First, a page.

In 1668 Penn launched headlong into a series of theological debates, one of which, an encounter with Presbyterians at a church in the Spitalfields neighbourhood of London, as narrated in his tract Sandy Foundation Shaken, had significant consequences. The tract, a blistering attack on Protestant ideas of the Trinity and traditional atonement theory, was so radical that both Penn and his printer, John Darby, ended up in prison because of it. Penn was charged with denying the divinity of Christ, and the Privy Council, on the basis of information from secretary of state Lord Arlington, ordered both men held in close confinement until Penn recanted his blasphemous theological convictions (Penn 1981, I: 82-83, 97). Penn was held in the Tower of London from December 1668.
In this same month Penn wrote to London Friends, echoing Abraham’s departure from his home in Ur (Gen. 12:1) and praising ‘the everlasting Love of God, which had called me out of my Fathers House, & from amongst my kindred & Acquaintance, Yea from the Glorys, Treasures and Pleasure of that Egypt and Sodom, wherein Jesus lay crucified’ (Penn 1981, I: 83; Endy 1973: 94). Penn intimated that, just as Abraham was called by God out of his father’s house, he too had been divinely inspired to leave his father’s house. This motif would soon be echoed in the 1669 edition of No Cross, No Crown, where Penn commended ‘good old Abraham, the excellency of whose Faith is set out by his obedience to the Voice of God, in forsaking his Fathers house, Kindred, Lands, Countrey, and Customs of it; never to return again’ (Penn 1669b: 109). This sentiment serves as something of a counterpoint to the oral traditions of Penn’s banishment from his father’s house. Penn stated that God actually led him out of his father’s house, and thus implies that the elder Penn pushing him out was not the whole story.
In No Cross Penn built on the Abraham motif with similar observations concerning Moses and Jesus, culminating in a very ‘memorable’ quotation from a ‘dutiful and tender’, yet resolute, early Christian theologian:5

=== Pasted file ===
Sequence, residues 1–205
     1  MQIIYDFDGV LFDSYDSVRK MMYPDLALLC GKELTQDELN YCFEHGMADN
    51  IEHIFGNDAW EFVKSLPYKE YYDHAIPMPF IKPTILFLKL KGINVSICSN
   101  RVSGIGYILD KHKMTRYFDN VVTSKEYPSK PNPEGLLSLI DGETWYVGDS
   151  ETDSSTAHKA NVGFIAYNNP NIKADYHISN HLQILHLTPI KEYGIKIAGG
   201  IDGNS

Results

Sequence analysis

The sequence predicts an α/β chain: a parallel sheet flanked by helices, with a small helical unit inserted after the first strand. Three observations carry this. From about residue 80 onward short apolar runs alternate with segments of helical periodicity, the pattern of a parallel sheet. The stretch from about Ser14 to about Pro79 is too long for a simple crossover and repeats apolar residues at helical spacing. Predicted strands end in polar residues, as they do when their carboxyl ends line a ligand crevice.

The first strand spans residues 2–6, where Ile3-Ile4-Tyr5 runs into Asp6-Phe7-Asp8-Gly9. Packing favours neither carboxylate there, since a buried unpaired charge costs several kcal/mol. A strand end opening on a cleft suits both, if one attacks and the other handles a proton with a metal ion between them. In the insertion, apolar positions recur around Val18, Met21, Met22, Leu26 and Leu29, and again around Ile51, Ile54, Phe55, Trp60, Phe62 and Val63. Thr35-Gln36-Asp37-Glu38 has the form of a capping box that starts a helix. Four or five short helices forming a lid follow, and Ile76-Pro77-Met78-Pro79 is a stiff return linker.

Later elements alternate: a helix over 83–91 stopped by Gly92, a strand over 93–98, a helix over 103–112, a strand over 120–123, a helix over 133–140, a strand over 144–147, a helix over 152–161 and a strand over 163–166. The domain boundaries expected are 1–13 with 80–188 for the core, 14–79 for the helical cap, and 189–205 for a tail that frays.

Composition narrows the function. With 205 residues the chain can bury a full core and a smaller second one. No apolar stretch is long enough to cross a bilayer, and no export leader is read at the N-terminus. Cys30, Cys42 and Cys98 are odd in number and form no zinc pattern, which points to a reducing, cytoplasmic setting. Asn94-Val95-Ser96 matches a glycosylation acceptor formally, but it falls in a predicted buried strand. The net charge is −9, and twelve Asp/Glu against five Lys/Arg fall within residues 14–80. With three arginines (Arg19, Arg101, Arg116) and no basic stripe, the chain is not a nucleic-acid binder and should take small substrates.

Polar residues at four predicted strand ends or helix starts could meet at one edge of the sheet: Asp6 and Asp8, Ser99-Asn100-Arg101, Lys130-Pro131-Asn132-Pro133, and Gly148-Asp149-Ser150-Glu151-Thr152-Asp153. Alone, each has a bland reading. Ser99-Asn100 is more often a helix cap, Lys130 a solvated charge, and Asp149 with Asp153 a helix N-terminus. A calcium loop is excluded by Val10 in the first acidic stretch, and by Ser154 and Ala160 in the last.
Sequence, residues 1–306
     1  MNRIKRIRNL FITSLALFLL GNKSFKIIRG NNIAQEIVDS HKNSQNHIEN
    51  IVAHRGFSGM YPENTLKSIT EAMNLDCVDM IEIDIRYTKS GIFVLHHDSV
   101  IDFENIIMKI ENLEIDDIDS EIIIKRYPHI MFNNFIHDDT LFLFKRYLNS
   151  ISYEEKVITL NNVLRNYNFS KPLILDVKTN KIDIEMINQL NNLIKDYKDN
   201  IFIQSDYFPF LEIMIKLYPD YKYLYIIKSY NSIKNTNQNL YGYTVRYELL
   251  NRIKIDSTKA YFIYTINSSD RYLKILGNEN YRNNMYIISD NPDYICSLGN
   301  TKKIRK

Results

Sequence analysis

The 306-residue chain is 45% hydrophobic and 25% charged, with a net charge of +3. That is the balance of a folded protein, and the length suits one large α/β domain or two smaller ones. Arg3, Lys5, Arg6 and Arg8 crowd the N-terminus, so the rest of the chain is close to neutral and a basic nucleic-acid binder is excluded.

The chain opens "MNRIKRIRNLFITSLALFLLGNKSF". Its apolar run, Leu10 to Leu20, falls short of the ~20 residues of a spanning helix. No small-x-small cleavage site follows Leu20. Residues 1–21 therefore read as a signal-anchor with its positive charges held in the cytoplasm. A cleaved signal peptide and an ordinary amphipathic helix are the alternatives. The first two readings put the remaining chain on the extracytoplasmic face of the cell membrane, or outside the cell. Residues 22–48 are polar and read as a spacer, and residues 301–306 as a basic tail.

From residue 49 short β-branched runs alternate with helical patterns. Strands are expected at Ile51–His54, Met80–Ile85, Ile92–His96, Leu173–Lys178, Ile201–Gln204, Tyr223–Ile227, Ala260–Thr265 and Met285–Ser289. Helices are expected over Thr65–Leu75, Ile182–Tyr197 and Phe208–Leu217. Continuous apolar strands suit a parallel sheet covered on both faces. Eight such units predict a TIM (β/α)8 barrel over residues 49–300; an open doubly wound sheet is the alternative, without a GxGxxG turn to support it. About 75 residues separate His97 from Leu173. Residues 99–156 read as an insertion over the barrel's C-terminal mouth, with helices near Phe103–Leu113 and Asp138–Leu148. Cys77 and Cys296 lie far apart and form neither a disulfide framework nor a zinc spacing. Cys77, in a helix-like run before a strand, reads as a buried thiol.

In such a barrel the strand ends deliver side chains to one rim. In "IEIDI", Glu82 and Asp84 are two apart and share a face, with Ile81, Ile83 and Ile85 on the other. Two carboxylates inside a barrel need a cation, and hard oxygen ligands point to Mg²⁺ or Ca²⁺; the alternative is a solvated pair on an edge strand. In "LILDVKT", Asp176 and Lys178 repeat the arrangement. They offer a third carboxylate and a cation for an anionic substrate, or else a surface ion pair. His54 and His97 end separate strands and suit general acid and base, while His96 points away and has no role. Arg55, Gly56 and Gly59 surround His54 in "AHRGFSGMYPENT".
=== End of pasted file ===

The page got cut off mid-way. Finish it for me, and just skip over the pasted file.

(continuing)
If my Father were weeping upon his knees before me, and my Mother hanging about my neck behind me, and all my Brethren, Sisters, and Kinsfolks, lamenting on every side, to retain me in the life and practice of the World, I would fling my Mother to the ground, run over my Father, and tread them under my feet, that I might run to Christ. (Penn 1669b: 109)
It would be in the Tower that Penn wrote his tract Innocency with Her Open Face and the first edition of No Cross, No Crown, analysis of which will form the central portion of this writing (Penn 1986, V: 100-04). Penn’s plight may have caused his father to renew his campaign to get his son to renounce his religious views, because shortly after his imprisonment in the Tower Penn instructed his servant Francis Cooke that ‘Thou mayst tell my Father, whom, I know, will ask thee, these Words, that my Prison shall be my grave before I will budge a jot, for I ow[e] my Conscience to no mortall man’ (Penn 1981, I: 85).
While Penn’s father did visit him in prison, some historians, including William Sewel, have speculated, or even preserved an ancient oral tradition, that Sir William had requested that Charles II hold his son in prison ‘perhaps to prevent a worse treatment’, according to Sewel (Sewel 1774 : 546). If that was truly the case, the elder Penn came to a different view about midway through the young Penn’s eight-month imprisonment, in March 1669 petitioning the Privy Council unsuccessfully to gain his son’s release (Peare 1956: 86). It is also important to note that parents are often conflicted about such matters, wanting their children to change their views, but also not wanting them to suffer.